Years ago, I finished directing my well attended second national writer’s conference, in Washington. After so much work it was time for me to get back to my writing. I was working on a suspense novel when I heard about an opportunity for citizens to learn police procedures and develop better harmony with the police and the community.
I signed up and attended the initial meeting held at the police department. Our small group of about ten men and women received a cordial welcome and introduction by the police chief, followed by a 45-minute tour of the facility with a uniformed police captain including being fingerprinted. Already I found the knowledge of the police department would benefit my novel. I take meticulous care to present my fiction with a well-researched foundation of fact.
The police chief told us that after the weekly meetings, we would have an evening ride-a-long with a police officer in a squad car. I was especially looking forward to that experience in a police squad car, even though it was not my first time. But, that’s another story I may share in a later post.
Several police officers were invited to teach their specialty which included arrest procedures, submitting evidence for physical analysis, missing persons, fingerprinting, search warrants, gang investigations, internal affairs, fundamental prisoner safety and security, booking procedures, examination of crime scenes, and special issues involving handcuffing.
During the discussion on handcuffing a suspect, the officer stood in the front of the room and looked solemnly at each of us sitting around the large oval oak table. I knew that he was going to demonstrate the appropriate way to handcuff a person and immediately thought I would be the suspect.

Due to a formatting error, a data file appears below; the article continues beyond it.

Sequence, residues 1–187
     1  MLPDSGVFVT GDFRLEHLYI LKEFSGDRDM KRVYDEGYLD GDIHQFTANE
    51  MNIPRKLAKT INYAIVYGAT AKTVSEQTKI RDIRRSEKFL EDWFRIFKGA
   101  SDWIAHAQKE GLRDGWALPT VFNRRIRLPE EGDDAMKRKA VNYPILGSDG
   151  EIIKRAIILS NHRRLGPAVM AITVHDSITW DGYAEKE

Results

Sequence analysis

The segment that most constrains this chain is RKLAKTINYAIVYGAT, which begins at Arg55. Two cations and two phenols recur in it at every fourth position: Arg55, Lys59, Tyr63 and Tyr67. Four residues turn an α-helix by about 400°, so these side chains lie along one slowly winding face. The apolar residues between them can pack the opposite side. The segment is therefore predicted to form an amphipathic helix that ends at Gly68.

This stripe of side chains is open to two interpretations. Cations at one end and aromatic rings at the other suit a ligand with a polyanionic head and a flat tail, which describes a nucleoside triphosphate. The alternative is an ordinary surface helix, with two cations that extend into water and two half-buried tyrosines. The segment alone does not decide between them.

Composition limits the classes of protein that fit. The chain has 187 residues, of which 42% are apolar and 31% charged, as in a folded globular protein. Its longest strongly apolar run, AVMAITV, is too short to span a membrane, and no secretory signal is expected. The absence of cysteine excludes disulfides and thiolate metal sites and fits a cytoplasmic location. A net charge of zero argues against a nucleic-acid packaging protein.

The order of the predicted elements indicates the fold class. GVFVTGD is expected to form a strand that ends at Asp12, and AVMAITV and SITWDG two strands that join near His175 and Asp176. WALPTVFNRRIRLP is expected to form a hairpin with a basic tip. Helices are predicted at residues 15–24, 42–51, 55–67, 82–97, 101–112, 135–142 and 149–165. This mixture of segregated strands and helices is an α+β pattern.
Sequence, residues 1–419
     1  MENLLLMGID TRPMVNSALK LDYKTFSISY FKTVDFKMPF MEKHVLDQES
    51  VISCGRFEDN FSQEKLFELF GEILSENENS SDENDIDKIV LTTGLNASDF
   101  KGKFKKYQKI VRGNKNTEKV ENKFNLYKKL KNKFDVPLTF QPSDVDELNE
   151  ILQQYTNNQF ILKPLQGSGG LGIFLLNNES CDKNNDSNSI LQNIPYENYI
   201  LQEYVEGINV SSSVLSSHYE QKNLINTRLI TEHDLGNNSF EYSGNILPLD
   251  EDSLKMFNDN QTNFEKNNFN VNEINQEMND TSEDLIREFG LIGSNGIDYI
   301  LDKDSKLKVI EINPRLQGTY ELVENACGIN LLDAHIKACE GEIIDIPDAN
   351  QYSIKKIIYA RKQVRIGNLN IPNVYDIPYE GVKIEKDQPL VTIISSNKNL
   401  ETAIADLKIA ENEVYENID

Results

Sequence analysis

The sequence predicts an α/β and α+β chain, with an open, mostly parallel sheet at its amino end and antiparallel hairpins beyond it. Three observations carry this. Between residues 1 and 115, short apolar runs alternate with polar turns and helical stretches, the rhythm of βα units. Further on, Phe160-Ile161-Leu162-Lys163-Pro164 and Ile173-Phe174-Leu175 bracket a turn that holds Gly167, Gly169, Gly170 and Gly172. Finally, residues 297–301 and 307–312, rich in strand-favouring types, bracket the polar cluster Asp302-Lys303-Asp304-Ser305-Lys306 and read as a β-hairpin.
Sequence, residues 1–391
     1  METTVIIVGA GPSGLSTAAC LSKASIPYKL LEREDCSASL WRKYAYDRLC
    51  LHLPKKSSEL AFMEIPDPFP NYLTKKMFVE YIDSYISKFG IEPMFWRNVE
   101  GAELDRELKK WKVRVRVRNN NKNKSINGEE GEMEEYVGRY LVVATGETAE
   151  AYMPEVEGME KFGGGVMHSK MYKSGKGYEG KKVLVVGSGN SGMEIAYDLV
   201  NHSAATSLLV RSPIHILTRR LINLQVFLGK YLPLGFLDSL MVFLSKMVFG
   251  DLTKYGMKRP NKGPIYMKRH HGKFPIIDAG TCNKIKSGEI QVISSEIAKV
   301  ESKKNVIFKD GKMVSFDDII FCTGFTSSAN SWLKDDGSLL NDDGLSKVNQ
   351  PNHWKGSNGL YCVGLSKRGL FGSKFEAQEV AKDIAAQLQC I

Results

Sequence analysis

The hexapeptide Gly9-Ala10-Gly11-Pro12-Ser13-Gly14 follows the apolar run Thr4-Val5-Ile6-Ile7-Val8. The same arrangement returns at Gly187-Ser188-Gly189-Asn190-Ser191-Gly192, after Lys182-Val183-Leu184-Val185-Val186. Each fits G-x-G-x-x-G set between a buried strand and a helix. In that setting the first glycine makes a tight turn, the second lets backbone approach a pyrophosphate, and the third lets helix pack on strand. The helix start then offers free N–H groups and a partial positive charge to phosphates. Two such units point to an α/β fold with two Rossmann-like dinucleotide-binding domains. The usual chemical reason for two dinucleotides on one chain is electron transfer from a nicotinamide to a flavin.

I was not surprised when the officer asked me to stand. He approached me authoritatively and told me to place my arms behind my back. He slapped the handcuffs on me rather firmly and very tight, telling me to remain standing behind my chair while he continued to discuss the procedure and then stating the Miranda Rights.
“You have the right to remain silent. Anything you say can and will be used against you in a court of law. You have a right to an attorney. If you cannot afford an attorney, one will be appointed for you.”
The writer in me wondered if this was really a set up to arrest me for actions I may have participated in while a member of a violent East Los Angeles gang in my youth. And yes, that’s a different story for another time.
It was a curious sensation to be standing while handcuffed as the other participants hesitantly glanced my way offering a supportive nod or smile and a few suspicious squinty eyed considerations, as the officer continued to teach. He then dismissed the group, and as they walked to the door, a kindly woman asked if was going to release my handcuffs.
“Eventually,” he said with a serious look my way and a wry smile.
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